The following are Ed Boks’ comments to the Public Safety Committee on Monday, April 17, 2006:
Good Morning Mr. Chairman and Members of the Committee,
I could easily begin this address on the state of Animal Services in Los Angeles by paraphrasing Charles Dickens, who said we live in the best of times and the worst of times.
Beginning in July of this year the City plans to open one new state of the art Animal Care Center every month for six consecutive months. These new Animal Care Centers clearly demonstrate the City’s commitment to animal welfare in Los Angeles. They will forever end the “dog pound” image of yesteryear as they provide every section of Los Angeles with a pleasant, green, humane Community Animal Care Center where we will be able to educate residents of all ages on the intrinsic value and benefits of the human/animal bond through a variety of interactive programs. These Centers will also serve as “the” pet Adoption Centers of choice for all Angelinos as well as for residents in surrounding communities.
I want to thank both the Mayor’s Office and the CAO for working so closely with Animal Services to help ensure we have an adequate budget to operate our new Animal Care Centers and Spay/Neuter Clinics in a manner that will meet community expectations. The new Animal Care Centers will require the hiring over 161 new employees to handle the over 300% increase in workload.
This is an unprecedented, yet appropriate, rate of Departmental growth in response to our community’s growing service delivery expectations. Meeting this growing service demand will be difficult. We have two spay/neuter clinics that have been sitting idle for years; soon we will have seven clinics and eventually eight that we want to see fully functional. We are now working closely with the Mayor’s Office, the CAO, Personnel, the Unions and the community to help address this most critical challenge.
Consistent with our new Animal Care Centers and enhanced service delivery programs, Animal Services has renewed its commitment to our community’s expectation to end euthanasia as a means to control pet overpopulation. A goal that some may still think impossible, not unlike what many people must have thought about putting a man on the moon in the 1960s. As a result of renewing this goal, animal welfare communities across the United State are now watching what we do here in Los Angeles; and none more closely than our own.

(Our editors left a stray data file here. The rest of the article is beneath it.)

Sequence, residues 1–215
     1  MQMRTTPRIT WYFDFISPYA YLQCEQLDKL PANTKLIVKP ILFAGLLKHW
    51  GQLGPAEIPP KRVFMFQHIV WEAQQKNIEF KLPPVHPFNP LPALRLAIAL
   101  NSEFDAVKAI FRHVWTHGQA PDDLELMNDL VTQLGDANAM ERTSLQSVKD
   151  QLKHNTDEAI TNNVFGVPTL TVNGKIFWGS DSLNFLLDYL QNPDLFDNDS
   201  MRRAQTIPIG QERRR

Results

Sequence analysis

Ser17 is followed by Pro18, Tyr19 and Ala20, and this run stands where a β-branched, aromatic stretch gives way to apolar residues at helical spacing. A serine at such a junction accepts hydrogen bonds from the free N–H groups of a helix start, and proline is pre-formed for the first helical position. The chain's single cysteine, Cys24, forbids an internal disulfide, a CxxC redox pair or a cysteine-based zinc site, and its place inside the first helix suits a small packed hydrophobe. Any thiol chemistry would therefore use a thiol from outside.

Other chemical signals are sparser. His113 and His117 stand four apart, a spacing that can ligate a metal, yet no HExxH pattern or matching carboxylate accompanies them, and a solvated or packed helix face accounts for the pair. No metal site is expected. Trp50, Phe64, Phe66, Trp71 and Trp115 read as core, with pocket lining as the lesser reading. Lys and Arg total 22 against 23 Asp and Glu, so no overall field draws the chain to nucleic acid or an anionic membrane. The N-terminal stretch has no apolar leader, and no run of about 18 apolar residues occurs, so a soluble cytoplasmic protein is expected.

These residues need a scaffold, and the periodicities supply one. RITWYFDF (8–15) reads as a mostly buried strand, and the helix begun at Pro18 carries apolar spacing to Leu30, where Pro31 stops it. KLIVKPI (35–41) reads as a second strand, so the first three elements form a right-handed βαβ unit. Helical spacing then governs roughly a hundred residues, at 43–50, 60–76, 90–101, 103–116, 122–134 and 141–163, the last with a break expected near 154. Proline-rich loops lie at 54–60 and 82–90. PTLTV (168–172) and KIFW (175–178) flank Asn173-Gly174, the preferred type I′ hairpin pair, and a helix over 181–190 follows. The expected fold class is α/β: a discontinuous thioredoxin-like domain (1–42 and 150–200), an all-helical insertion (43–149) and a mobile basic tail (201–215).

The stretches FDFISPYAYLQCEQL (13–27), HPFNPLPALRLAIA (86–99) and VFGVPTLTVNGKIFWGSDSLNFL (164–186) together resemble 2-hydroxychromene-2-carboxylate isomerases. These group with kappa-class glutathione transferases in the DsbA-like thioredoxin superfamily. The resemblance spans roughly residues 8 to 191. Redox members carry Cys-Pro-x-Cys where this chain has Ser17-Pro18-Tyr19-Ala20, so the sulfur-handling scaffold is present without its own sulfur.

Like the early space program Animal Services may experience some unfortunate situations, errors in judgement and some confusion over consistent implementation of new policies and programs in all our locations. Change is difficult. Some find change coming too fast, others find it coming too slow. Some may point to isolated situations as evidence that nothing is changing at all. I contend they are evidence of substantive changes and growing pains.
I will not minimize our shortcomings or mistakes. We readily admit them. Every allegation against Animal Services is thoroughly investigated, and with City Attorney approval, we hope to post the results of investigations on our website for all to see. We make no claim to be perfect. Far from it! It is my hope that as we freely identify our shortcomings and needs the community will respond with the same compassion they demand of us, and will choose to help us, not condemn us.
Achieving No-Kill is not an easy task. Animal Services is an organization learning to walk and chew gum at the same time. We are developing programs and policies that are both tactical and strategic, that deal with both animal care and animal control.
Our greatest needs are sometimes revealed by an unfortunate incident or a misunderstanding about an incident. We use these opportunities to review our systems and processes to discover how and why errors occur in an effort to ensure the same mistakes are not repeated. We attempt to correct the problems we encounter at their source; we want to address the causes, but we will not ignore the symptoms.
Some in the community are amazed at the rate of change Animal Services has experienced in so short a time frame, others are unsatisfied and impatient. Some understand the difficulties we have to overcome, while others may have unrealistic expectations. Animal Services may never be able to please everyone all the time. But we are pleasing more and more people every day. We are focused on systemic changes that mitigate customer dissatisfaction and frustration while providing better treatment and conditions for our animals.